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Walkera 35

Well, mostly since quite a few people seem to be interested in these things. So I decided to write a quick review, since I got mine today and took it out for a spin (actually a few spins... spare batteries are nice).

As far as I can tell, it's a clone of the Zoom/Zap/Shogun 400. I haven't looked all too close, so I cannot say which parts are interchangeable, if any.

The specs of this bird are:
Length: 750mm (29.5")
Width: 320mm (12.5")
Main Rotor Diameter: 630mm (24.8")
Tail Rotor Diameter: 145mm (5.7")
Flying Weight: around 555g (19.5oz)
Comes with Gyro, all-in-one board, servos, TX and a 10.8v/650mAh NiMH battery and charger, plus 25-page manual
Price is usually around $200 +S&H, I've seen it much cheaper than that though.

Mine had extra blades (tail and main), a 1800mAh LiPo plus cheap charger and training gear. Also, it came with a 400 motor whereas Walkeras page claims it comes with a 380 motor.

There also is a brushless version of this helicopter. The only difference is that it comes with a separate ESC and a brushless motor. What I do NOT know is if the wiring is any different in that case.

First thing I noticed when I opened the box: The canopy is still as crappy as all other micros I've ever seen. Seams are pretty obvious, decals applied sloppy.

Next: a look into the manual. It has the usual bad grammar/spelling that comes with many cheap foreign products. It's not as bad as some, but still somewhat annoying. The manual explains a lot, just not the things that a beginner would need to know. Controls are not explained in any detail, almost no explanation of proper setup. A few useful hints thats all. A useful explanation on how to take the main shaft out, and the tail assembly. Parts list at the end of the manual.

On to the helicopter: It may be ready to fly for some, but it was not for me. The paddles were totally out of alignment. Good thing I have a pitch gauge. The manual mentions that the kit comes with one, but I haven't seen it anywhere. Putting the battery in place isn't described anywhere at all, some headscratching might be common here. I also had to tighten the tail rotor blades, and tie the antenna closer to the main frame (else the canopy would not fit properly).

First impression here: Solid, I'd even say sturdy construction, but I doubt a beginner could get this bird up in the air without help. The tail rotor is shaft-driven, with plastic gears all around. We'll see how that holds up. Main rotor has a freewheel assembly so it _should_ be possible to auto. I'm not yet there, so no comment on that. Landing gear seems to be a tad too far forward - center of gravity is barely ahead of the rear landing gear end. That's adjustable though.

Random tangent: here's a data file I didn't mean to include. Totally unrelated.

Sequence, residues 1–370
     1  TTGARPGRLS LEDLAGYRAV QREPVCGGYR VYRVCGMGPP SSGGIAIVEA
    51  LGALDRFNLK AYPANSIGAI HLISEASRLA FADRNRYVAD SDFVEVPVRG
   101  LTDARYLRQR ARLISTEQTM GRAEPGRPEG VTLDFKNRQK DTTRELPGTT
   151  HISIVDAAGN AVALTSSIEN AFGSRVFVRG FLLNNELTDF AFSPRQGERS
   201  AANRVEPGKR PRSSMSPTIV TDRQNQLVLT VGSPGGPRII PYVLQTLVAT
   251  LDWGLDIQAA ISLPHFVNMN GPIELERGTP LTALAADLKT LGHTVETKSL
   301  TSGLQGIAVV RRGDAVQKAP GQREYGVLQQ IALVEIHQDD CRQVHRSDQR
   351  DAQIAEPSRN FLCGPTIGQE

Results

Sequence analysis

I won't comment on the kiddie skids since that doesn't come standard.

First takeoff - no problems. Tracked the blades (which is actually described in the manual) Pulled it up out of ground effect and noticed that the tail was slightly wobbling. Adjusting the gyro fixed that. I was very impressed by the gyros ability to hold the tail steady, since that Walkera Gyro is not a HH gyro. Hovered it a bit, and the stock battery... erm... piece of crap. And I mean it.

The NiMH battery is PATHETIC and only gave me maybe 5 minutes flying time - I put in a 1800mAh LiPo and got about 20 minutes flying time out of it.

Talking of batteries... you have to take the canopy off to charge the battery and plug it in. The manual hints in a forgotten paragraph that Walkera at one point or another actually wanted to put in an on/off switch and a charging lead. They really should have done that. I'll solder one for my bird anyway.

Okay, next round of flying, with gyro adjusted. Took off, and decided to hit what Walkera pompously calls "the 3D switch". GOODNESS GRACIOUS! Enging revs up, and cyclic control really is ONLY cyclic control. In "normal" mode, cyclic also controls the engine speed. But in 3D, the controls were nice and crisp, _almost_ like the big glow bird my (former) neighbor lets me fly every now and then (thanks Mike!). All in all, very stable in my opinion. It feels like it may have enough power for basic 3D, but it'll be a few weeks before I can say anything there.

Before you go buy it, let me sum up my biggest negatives and positives:



Now, personally: I am happy with it.

[...irrelevant ramble deleted...] It has its disadvantages, and due to its lousy manual I would not recommend it for a total newbie without someone to check it over before first flight.